Mona Shield Payne
Tuesday, July 10, 2012 | 2 a.m.
2012 WSOP Main Event Final Table Payouts
- 1st — $8,527,982
- 2nd — $5,292,889
- 3rd — $3,797,558
- 4th — $2,850,494
- 5th — $2,154,616
- 6th — $1,640,461
- 7th — $1,257,790
- 8th — $971,252
- 9th — $754,798
- This poker player’s dream lasted 68 minutes in Main Event opener
- Immediacy of Twitter a big hit in poker world
- Antonio Esfandiari trades in microphone for cards, wins $18 million at WSOP
- Local pro Antonio Esfandiari on top going into $1 million tournament’s final day
- Pros not intimidated by $1 million buy-in tournament at World Series of Poker
- Up for grabs at Big One for One Drop at Rio: $35 million, WSOP platinum bracelet
- Final table of eight remains in WSOP Poker Players Championship
- World Series of Poker reveals plan to hold $1 million buy-in tournament next year
- 2012 World Series of Poker section
The halls of the Rio convention center proved treacherous to navigate through when players in the World Series of Poker Main Event went on break Monday.
Although it’s foolish to expect anything less than a flood of humanity during early July at the WSOP, Day 1C of the Main Event was a different beast altogether. The final starting flight of this year’s world championship of poker attracted 3,418 entrants, the biggest single-day field in the history of the tournament.
“The last day is always the biggest,” WSOP Spokesman Seth Palanksy said. “We knew we were going to have a big number today. Sure enough, in the last 16 hours of registration, we had 2,000 people show up.”
Combined with the first two starting days, registration for the 2012 WSOP Main Event totaled 6,598 players. It’s the fifth biggest Main Event in the tournament’s history, but a slight decrease from the 6,865 who turned out to compete for the championship bracelet a year ago.
Officials weren’t concerned with seeing a downturn for the second consecutive year.
“We’re really thrilled,” Palansky said. “We had a slow start to the summer, but when it’s all said and done, we had a great number for the Main Event that was right at our five-year average.”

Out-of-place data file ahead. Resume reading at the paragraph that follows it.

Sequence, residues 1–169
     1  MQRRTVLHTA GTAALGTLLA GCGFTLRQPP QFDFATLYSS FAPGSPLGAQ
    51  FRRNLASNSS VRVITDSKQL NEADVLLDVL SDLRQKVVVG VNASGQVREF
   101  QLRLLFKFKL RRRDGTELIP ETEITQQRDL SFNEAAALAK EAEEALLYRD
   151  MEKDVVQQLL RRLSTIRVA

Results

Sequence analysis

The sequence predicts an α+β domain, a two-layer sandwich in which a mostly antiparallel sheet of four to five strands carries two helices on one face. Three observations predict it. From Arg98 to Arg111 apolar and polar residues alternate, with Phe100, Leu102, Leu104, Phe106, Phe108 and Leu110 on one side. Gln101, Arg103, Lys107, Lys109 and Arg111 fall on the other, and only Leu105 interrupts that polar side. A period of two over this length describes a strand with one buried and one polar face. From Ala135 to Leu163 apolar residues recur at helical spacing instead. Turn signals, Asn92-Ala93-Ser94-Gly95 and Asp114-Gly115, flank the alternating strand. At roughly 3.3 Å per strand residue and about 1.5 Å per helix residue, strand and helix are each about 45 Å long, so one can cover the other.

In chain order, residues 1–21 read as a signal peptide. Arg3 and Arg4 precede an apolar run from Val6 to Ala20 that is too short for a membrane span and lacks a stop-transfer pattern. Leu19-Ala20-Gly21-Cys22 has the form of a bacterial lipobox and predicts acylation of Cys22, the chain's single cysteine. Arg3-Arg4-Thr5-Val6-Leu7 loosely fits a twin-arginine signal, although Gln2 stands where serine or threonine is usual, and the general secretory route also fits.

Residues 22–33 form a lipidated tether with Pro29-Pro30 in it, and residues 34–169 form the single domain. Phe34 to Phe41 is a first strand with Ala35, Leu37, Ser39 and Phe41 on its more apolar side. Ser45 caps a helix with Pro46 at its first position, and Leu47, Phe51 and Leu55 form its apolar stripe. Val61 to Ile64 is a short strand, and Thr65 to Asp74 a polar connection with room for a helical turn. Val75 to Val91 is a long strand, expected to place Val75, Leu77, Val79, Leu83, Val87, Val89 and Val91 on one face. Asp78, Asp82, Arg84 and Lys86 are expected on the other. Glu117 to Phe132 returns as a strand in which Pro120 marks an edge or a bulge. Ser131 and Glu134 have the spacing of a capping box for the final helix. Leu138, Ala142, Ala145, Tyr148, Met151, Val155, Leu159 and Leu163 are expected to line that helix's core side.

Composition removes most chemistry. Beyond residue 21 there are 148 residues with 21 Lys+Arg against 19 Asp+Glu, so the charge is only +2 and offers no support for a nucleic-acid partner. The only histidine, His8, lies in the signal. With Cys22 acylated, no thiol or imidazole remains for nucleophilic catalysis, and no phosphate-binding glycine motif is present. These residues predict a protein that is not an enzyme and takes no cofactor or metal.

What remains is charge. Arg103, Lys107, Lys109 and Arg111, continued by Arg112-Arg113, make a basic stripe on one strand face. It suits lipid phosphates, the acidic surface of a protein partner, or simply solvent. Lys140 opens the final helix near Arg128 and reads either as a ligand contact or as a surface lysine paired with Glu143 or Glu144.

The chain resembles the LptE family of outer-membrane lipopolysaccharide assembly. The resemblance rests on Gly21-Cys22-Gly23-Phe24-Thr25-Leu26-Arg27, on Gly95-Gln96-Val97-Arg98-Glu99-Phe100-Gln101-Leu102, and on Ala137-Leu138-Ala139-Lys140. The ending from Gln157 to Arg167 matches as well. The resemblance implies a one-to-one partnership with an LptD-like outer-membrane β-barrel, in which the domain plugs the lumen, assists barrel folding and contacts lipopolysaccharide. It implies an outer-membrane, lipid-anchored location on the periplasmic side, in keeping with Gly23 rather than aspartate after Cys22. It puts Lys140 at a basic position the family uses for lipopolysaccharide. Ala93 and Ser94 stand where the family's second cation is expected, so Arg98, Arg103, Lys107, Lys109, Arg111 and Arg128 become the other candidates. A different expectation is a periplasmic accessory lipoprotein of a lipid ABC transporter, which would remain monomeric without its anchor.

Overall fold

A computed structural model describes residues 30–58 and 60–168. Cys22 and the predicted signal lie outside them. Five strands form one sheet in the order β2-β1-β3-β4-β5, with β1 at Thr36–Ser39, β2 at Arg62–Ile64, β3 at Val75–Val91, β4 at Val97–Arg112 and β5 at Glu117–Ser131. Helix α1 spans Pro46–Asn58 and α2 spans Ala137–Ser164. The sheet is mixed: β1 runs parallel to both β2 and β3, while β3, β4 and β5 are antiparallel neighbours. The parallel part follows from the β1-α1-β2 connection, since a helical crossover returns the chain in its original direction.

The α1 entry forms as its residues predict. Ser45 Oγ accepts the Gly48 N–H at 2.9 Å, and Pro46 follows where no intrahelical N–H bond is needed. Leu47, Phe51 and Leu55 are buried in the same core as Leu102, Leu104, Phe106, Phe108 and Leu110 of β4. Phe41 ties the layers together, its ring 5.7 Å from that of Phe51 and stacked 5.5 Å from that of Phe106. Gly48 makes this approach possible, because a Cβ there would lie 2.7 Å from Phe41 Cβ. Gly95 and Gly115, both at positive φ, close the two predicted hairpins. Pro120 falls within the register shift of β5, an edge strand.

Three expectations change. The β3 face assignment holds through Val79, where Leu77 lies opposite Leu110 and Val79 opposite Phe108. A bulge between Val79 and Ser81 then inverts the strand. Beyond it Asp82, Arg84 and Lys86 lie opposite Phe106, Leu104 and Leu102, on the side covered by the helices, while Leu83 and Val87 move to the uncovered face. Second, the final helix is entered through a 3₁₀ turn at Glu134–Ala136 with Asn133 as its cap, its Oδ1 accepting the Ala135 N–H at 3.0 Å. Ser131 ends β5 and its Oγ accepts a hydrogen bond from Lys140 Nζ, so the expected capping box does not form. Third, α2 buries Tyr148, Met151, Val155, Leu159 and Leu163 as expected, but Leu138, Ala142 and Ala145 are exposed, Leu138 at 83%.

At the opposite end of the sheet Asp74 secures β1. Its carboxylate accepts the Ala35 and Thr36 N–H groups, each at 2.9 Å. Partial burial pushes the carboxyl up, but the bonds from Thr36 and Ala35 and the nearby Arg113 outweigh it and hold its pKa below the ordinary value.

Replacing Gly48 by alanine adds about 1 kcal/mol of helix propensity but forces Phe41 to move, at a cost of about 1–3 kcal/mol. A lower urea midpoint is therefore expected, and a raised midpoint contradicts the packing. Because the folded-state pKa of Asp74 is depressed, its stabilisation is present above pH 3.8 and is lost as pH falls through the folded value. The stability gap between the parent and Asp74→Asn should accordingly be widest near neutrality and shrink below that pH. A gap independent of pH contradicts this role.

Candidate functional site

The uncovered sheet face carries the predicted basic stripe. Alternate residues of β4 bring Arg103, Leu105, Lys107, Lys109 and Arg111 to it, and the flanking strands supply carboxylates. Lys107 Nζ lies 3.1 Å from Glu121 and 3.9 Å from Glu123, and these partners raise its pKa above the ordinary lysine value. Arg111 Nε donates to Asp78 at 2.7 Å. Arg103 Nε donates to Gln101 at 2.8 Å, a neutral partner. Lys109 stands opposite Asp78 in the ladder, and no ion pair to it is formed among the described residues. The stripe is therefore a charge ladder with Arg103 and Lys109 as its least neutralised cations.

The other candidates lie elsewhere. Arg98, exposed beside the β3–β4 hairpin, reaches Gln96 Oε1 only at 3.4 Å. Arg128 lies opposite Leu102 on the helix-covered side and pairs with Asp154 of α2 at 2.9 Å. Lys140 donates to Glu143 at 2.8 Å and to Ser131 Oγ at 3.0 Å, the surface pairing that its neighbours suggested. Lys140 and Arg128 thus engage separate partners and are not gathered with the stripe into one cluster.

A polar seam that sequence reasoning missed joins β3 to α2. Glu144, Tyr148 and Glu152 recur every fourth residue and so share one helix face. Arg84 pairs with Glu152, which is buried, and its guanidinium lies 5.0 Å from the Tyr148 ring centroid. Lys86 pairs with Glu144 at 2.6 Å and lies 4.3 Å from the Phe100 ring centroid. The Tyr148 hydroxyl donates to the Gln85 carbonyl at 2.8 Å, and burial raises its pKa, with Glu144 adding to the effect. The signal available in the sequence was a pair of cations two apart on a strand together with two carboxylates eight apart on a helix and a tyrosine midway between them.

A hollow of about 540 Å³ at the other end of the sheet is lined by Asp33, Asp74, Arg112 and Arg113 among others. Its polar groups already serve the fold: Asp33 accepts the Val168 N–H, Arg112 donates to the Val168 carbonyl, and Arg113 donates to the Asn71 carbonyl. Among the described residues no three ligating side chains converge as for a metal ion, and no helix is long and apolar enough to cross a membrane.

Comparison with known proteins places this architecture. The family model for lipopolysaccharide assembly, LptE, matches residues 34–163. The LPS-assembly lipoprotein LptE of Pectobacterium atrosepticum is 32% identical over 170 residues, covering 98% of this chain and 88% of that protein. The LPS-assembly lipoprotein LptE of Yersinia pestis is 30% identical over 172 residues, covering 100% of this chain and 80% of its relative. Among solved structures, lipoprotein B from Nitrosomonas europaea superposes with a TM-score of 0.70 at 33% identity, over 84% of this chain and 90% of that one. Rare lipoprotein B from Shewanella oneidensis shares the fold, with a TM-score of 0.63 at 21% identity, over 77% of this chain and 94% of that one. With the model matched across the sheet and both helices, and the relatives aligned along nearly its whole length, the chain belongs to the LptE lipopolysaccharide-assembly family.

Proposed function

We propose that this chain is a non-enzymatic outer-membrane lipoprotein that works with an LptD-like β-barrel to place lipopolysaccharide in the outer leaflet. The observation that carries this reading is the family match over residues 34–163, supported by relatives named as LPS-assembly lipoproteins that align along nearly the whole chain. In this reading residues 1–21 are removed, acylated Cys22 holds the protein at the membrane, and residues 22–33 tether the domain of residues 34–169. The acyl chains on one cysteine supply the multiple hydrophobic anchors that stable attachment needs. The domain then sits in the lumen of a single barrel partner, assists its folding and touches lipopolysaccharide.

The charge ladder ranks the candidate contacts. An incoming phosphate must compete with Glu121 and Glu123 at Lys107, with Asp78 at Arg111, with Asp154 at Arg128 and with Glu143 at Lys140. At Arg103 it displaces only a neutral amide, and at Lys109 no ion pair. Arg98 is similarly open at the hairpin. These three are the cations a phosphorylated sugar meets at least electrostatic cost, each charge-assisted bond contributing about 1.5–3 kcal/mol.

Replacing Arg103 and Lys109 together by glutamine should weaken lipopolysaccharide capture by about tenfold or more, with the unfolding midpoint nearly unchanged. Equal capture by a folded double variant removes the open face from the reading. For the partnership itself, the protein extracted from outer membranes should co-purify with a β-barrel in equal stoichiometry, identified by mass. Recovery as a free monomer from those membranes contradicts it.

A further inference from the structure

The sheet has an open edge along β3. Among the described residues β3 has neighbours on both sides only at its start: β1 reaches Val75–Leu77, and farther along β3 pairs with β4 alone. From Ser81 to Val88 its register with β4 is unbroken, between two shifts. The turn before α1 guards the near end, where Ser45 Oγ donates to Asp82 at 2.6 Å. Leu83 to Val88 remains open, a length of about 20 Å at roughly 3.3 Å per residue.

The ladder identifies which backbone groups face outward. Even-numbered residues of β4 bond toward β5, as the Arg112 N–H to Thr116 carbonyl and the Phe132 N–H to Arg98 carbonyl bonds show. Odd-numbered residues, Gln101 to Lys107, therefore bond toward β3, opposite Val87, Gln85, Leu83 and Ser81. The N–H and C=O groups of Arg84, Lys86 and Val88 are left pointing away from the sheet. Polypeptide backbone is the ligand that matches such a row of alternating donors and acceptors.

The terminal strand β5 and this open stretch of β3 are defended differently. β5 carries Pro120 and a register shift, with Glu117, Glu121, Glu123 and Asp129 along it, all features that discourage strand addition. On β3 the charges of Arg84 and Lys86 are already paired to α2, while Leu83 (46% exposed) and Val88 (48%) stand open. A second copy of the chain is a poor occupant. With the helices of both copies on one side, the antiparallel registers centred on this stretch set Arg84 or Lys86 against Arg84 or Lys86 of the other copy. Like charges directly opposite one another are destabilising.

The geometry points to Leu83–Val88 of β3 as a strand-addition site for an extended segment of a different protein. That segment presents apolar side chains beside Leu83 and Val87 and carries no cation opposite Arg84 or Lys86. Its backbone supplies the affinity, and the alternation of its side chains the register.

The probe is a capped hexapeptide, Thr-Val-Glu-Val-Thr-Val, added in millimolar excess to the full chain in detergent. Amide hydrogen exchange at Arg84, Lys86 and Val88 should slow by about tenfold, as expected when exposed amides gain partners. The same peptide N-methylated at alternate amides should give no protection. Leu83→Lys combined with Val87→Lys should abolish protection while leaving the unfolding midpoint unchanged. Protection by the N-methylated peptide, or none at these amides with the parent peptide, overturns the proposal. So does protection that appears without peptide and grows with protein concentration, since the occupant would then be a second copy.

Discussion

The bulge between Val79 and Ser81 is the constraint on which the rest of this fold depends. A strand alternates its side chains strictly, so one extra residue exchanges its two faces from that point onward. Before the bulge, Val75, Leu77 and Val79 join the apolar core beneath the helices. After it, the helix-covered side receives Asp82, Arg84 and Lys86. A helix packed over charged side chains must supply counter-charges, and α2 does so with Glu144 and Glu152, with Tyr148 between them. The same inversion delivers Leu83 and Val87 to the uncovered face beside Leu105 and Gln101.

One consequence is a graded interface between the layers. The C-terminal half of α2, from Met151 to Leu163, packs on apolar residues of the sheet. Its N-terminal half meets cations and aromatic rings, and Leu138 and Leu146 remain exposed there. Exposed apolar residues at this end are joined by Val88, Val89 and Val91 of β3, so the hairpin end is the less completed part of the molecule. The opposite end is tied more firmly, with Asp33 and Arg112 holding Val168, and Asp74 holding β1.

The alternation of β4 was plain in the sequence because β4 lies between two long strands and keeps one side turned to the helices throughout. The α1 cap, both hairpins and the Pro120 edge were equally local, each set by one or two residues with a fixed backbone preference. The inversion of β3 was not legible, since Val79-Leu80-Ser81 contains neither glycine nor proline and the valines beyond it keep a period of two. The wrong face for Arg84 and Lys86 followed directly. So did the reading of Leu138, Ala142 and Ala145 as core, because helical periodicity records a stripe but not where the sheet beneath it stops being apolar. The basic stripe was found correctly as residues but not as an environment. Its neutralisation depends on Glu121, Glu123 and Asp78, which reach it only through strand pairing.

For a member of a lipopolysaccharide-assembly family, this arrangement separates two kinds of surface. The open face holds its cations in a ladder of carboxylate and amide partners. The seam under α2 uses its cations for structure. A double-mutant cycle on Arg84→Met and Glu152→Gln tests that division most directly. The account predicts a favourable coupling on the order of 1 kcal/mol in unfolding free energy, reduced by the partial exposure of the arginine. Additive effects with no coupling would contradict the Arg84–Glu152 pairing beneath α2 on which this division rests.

The tally across the 61 bracelet events offered at the WSOP this summer added up to 74,766 entrants — second behind only last year’s series for the most-attended ever. The $222,035,192 prize pool set a new record.
The Main Event’s prize pool came out to $62,021,200. The eventual winner will earn $8,527,982, which will place him or her in the top 25 on the all-time tournament money list.
In full, 666 players will make the money at the Main Event. Seven of the nine players who reconvene in October to crown a champion will become instant millionaires.
“We’re still in poker’s golden age, at least when WSOP bracelets are on the line,” WSOP Executive Director Ty Stewart said. “We can’t thank the players enough for their continued support of the WSOP and for once again putting a bad beat on market conditions.”
Poker pros estimated as few as 5,500 players competing in the Main Event at the beginning of the summer. Participation in card tournaments across the globe had declined in 2012, according to Palansky, and the WSOP felt the downturn during the first few weeks this summer.
But everything started to pick up from there, ultimately culminating with another successful Main Event.
“People underestimate this event,” Palansky said. “This is the one people save for and plan on playing every year. The fact of the matter is if you’re a poker player, this is the tournament you have to play.”